By Elaine Liner
By Jim Schutze
By Rachel Watts
By Lauren Drewes Daniels
By Anna Merlan
By Lee Escobedo
In a one-man show over at Edith Baker Gallery, another Texan has graced this city with undeniably impressive work in a "Well, I'm back now" display. Painter Roger Winter, veteran and almost-fixture of the area (he taught art at SMU for 26 years) tried to freshen his perspective by moving to Maine, and ended up pretty much hating the change of scenery (remember that flora-and-fauna threat?). Up there in the merciless cold, his once-warm, painterly landscapes took on a creepy, isolated quality with nearly surrealistic overtones--a red fox arched in mid-air over a snowy field, a tiny set of flames in the distance, a pronounced angel swooping through the stark and empty sky. Mesmerizing work to be sure, but coming from the imagination of a considerably homesick man.
He's since moved back to a Texas ranch, and his newest paintings reflect a joyous relief in these familiar, scruffy horizons: wide-screen visions of greased railroad tracks that underline a string of rural homes; a lavender-red sunset framed by telephone poles and their gracefully swaying connective wires; hell, even a trio of glassy-eyed cows nosing up against a barbed-wire fence to get a better look at you as you pass them from your car. His smaller works, jewel-like in their intense, precise application of color, seem to glow from within like a fire opal. But his monumental works, "Union Square" in particular, are his masterworks, and several are on display here.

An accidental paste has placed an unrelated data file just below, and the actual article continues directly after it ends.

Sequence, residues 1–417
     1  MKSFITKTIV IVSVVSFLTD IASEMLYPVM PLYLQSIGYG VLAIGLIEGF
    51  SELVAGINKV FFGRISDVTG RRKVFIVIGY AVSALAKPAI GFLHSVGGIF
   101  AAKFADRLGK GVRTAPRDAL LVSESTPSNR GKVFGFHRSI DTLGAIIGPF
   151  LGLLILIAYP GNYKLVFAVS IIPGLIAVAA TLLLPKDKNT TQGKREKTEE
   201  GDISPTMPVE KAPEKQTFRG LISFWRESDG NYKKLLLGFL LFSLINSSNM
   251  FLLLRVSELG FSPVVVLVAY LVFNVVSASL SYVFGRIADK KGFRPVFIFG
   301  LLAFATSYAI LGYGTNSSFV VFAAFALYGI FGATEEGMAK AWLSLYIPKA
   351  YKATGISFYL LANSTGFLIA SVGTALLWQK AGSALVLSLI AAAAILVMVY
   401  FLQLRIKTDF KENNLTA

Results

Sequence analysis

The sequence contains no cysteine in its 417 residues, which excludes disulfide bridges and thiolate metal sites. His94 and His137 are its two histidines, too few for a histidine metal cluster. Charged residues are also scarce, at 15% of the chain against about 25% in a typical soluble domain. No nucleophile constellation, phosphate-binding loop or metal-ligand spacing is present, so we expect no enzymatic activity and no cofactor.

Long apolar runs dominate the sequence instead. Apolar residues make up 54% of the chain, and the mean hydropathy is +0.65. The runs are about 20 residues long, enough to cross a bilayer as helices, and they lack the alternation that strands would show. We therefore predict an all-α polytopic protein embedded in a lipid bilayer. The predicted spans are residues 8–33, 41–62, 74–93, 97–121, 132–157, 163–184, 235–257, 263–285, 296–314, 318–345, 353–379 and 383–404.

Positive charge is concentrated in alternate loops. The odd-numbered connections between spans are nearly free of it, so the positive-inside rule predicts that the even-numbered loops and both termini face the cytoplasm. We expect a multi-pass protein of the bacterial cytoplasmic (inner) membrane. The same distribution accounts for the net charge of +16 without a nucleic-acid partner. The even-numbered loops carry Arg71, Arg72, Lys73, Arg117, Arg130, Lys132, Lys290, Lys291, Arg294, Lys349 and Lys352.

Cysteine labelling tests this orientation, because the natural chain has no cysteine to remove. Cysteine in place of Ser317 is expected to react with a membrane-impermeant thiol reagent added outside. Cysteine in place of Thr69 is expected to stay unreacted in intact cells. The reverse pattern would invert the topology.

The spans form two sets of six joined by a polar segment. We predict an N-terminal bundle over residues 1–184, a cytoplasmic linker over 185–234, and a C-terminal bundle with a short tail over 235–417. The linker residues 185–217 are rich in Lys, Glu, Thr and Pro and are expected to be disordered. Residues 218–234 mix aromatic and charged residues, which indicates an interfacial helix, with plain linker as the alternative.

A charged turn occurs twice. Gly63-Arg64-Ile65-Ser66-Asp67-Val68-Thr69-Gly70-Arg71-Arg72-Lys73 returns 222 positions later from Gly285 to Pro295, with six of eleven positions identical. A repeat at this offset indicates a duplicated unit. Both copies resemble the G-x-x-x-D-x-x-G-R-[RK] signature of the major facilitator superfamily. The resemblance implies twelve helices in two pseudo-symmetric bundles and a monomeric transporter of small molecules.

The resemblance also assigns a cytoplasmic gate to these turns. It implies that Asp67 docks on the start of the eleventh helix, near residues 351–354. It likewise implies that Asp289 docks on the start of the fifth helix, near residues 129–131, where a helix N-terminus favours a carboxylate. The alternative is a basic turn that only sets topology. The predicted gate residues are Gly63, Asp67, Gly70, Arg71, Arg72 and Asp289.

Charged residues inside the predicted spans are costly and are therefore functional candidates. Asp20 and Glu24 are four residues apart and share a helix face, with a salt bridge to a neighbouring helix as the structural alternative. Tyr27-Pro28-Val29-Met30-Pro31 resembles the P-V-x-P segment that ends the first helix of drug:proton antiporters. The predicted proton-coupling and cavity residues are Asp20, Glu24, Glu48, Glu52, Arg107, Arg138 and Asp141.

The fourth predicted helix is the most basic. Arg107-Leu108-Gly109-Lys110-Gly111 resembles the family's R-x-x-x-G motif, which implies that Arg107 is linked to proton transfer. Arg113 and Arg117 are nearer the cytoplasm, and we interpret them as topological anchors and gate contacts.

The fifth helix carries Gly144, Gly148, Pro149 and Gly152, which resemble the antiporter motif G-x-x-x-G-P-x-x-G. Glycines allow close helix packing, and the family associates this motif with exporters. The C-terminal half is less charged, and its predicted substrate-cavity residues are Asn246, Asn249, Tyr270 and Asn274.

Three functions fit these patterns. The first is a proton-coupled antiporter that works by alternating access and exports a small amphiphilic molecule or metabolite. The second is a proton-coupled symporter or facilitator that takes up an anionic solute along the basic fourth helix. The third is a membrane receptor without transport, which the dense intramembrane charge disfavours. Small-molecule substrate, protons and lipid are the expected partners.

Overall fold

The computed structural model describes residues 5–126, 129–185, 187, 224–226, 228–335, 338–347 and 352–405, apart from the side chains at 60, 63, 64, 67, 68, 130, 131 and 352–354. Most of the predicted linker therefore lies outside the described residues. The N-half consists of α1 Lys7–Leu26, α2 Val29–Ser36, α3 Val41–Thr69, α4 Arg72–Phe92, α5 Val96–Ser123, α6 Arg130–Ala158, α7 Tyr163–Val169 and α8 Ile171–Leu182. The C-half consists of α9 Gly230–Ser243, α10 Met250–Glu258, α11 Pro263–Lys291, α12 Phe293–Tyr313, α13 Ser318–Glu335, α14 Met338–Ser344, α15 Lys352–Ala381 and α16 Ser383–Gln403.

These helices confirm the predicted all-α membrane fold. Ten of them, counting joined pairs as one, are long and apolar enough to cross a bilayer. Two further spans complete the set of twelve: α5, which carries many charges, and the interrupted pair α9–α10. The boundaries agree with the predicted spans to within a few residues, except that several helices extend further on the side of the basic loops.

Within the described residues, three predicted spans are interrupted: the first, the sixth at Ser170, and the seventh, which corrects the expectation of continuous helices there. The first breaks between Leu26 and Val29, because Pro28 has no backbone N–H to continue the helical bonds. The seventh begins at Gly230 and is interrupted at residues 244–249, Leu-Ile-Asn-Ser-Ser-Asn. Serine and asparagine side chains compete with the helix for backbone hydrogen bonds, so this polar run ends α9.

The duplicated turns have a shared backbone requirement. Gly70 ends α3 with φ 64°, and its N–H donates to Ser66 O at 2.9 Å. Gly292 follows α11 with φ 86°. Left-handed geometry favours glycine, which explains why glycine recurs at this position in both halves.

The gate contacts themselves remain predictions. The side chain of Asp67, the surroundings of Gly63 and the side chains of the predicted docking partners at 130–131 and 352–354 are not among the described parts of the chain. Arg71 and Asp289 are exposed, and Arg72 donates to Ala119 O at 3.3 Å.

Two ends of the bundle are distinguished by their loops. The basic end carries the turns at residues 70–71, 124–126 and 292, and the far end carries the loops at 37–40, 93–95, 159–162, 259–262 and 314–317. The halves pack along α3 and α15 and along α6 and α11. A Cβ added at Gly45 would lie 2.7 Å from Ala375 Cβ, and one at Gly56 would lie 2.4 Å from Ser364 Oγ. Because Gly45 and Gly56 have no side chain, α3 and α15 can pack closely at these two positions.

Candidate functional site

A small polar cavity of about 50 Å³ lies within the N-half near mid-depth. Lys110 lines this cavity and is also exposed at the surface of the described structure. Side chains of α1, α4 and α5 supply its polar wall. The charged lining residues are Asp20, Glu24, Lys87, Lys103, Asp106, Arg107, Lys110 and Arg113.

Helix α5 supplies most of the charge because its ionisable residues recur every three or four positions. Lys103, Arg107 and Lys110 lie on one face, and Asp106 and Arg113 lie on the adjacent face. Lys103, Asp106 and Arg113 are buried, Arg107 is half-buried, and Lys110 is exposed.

Winter spends part of his year (presumably this wretchedly boiling part) in Manhattan, and the giant work buzzes off the wall with Winter's depiction of Midtown noises and smells and textures. From 10 feet back, the painting nearly comes off as a crystal-clear photograph, but up close, an Impressionist quality comes to fore: dappled, rhythmic, gestural. Winter paints from photos he's taken, and he can take time to inject any work with heightened, subjective light-play.
In fact, the small companion series taken from his Union Square visits are really a set of snapshots--close-up and cropped glimpses of a mangy mutt, a lone bag lady, a young coed emerging from the cover of a newsstand. Without a doubt, that was a cold day in the Square, brisk and windy in the shade, yet everywhere the sun hits, there's a calm, skin-soothing warmth.
Impressively, for a regional artist painting regional subject matter, Winter deftly avoids the unfortunate cliches of much Southwestern landscape art--his visions pack a knowing, sophisticated, visceral observation that seems more akin to Chuck Close, Richard Estes, and Lucian Freud.
Welcome home, Mr. Winter.
One more thing
At the MAC on Wednesday, July 8, at 7pm, art critic Charles D. Mitchell will lead a panel discussion titled "The State of Installation Art, Regionally and Nationally." According to the MAC press release, Mitchell and others from the local art scene will discuss the process of installation, artists who employ such methods, its impact, etc. It's free, and anyone who digs the Art Guys, Good/Bad, Connemara and the like may want to check this out. Call (214) 953-1212.
The Art Guys are at the Barry Whistler Gallery through July 25; call (214) 939-0242; Roger Winter is at the Edith Baker Gallery through July 17; call (214) 855-5101.